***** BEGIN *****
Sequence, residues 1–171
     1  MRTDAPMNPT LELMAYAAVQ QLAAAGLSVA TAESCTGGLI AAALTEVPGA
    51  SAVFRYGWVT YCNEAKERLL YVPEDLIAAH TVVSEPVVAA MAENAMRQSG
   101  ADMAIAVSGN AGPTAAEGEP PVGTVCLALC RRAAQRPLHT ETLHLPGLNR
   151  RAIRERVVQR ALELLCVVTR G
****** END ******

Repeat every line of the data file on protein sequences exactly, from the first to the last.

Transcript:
Sequence, residues 1–171
     1  MRTDAPMNPT LELMAYAAVQ QLAAAGLSVA TAESCTGGLI AAALTEVPGA
    51  SAVFRYGWVT YCNEAKERLL YVPEDLIAAH TVVSEPVVAA MAENAMRQSG
   101  ADMAIAVSGN AGPTAAEGEP PVGTVCLALC RRAAQRPLHT ETLHLPGLNR
   151  RAIRERVVQR ALELLCVVTR G